I’ve Got No Problem With It

How would you feel if Readers Digest abridged one of your novels? What reservations (if any) might you have? 

My mother was a big reader. She used to get those Readers Digest abridged books. I wasn’t interested in all of them, but I found that the ones I did read I liked just fine. There was one in particular that I especially liked. It was titled Aimee Come Home, and it was by Barbara Michaels. I was a teenager when I read it, and I thought it was the scariest book I’d ever read. At that age I didn’t mind a good scare, but I wouldn’t want to read it for the first time now. Years later I saw the complete book in the library and checked it out to compare the two versions. As far as I’m concerned, the condensed book was better.

If my book was being abridged I might not totally agree with how it was done. As an author I’d probably have some favorite scenes that got cut, and I’d wonder why. I imagine I might not be too happy about that. I’d fuss that those people working on the book didn’t know what they were doing. In short, I might get defensive about my book baby.

Really, though, I would be pleased if my book were selected. It would be nice to know that someone thought the book was good enough to be chosen for Readers Digest. It would also be nice to know that people who didn’t know of my work would be exposed to it. I think that the essence of the work would be maintained even though every detail couldn’t be included. If such a chance ever came my way I’d give my approval.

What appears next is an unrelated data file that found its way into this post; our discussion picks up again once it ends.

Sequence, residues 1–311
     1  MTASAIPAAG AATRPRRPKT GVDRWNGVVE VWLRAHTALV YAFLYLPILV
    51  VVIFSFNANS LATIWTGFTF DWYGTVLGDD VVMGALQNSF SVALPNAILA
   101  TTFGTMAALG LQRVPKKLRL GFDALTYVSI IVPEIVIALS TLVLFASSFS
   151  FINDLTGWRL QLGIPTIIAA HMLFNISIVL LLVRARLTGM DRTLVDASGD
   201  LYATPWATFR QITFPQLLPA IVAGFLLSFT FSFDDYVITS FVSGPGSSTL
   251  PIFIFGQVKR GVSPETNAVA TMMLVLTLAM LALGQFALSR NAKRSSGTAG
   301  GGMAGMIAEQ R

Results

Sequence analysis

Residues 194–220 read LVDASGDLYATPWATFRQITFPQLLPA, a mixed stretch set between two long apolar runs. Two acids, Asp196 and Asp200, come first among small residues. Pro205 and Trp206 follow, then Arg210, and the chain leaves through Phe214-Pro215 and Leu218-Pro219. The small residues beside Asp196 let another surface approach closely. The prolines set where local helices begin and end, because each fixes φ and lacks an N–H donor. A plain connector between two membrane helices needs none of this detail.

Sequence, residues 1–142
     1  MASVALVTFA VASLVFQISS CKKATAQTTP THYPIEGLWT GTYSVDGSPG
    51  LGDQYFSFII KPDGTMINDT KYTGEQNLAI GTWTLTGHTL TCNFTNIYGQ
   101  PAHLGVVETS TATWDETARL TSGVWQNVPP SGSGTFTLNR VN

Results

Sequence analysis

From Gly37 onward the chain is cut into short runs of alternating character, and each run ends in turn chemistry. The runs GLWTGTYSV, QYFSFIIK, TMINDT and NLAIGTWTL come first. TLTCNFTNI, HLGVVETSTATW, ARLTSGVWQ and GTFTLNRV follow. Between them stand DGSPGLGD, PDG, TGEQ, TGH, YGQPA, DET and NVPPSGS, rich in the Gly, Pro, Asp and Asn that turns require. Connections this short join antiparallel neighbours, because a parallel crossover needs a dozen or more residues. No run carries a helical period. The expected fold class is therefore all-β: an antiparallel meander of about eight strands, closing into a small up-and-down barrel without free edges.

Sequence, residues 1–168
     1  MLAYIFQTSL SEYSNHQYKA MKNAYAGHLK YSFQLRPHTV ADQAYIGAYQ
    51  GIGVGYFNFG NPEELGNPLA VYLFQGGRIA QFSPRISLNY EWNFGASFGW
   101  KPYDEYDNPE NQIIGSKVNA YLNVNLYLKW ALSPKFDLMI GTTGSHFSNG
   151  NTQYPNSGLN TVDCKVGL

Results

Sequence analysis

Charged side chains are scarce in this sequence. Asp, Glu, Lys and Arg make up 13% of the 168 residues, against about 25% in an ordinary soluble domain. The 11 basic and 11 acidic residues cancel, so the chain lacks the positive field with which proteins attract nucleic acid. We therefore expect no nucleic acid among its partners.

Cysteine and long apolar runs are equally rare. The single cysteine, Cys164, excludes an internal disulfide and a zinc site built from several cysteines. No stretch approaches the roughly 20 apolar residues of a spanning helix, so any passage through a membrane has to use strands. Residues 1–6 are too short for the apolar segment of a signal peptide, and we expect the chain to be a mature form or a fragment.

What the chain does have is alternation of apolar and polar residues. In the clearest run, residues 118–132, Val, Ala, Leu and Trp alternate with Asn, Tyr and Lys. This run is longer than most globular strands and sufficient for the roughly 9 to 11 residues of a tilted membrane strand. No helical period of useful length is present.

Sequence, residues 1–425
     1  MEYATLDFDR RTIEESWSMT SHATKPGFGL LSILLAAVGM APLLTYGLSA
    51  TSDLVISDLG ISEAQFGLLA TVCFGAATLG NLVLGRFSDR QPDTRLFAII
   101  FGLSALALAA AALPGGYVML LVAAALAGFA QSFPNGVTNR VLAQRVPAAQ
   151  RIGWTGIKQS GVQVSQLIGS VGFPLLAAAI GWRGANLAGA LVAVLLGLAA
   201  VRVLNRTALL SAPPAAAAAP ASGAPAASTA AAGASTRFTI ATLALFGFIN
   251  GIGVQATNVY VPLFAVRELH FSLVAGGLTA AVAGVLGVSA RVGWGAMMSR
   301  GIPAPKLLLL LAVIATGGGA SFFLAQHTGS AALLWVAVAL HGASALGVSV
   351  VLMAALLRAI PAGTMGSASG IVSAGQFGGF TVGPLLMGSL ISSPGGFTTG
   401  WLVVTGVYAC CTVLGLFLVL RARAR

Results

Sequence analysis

What do you think? Would you let your book be abridged?

About Elaine Cantrell

Elaine Cantrell was born and raised in South Carolina. She has a Master’s Degree in Personnel Services from Clemson University and is a member of Alpha Delta Kappa, an international honorary sorority for women educators. She is also a member of Romance Writers of America. Her first novel A New Leaf was the 2003 winner of the Timeless Love Contest and was published in 2004 by Oak Tree Press. When she isn't writing you can find Elaine playing with her dog or maybe collecting more vintage Christmas ornaments
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6 Responses to I’ve Got No Problem With It

  1. Patricia Kiyono says:

    I totally agree. Frankly, I’m unlikely to check the condensed version to compare, and even if I read it, I doubt that I’d notice the differences. I’d just be happy about the honor, and excited that more people would be reading my story.

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  2. I really would have my concerns, but I have to formulate them for Friday’s post.
    Now I am really curious about “Aimee Come Home”.

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  3. Jeff Salter says:

    I’ve read several of the RD condensed books over the years and — though I can’t recall specific titles right this moment — I’ve enjoyed them all. Of course, I only read stories that I assumed would interest me to begin with… in other words, in the genre that I was reading at that time.
    From what I’ve read about this process, the RD editors are extremely careful to preserve the tone and feel and “voice” of the authors. And I’ve read numerous testimonials from authors who had only good things to say about their own results.

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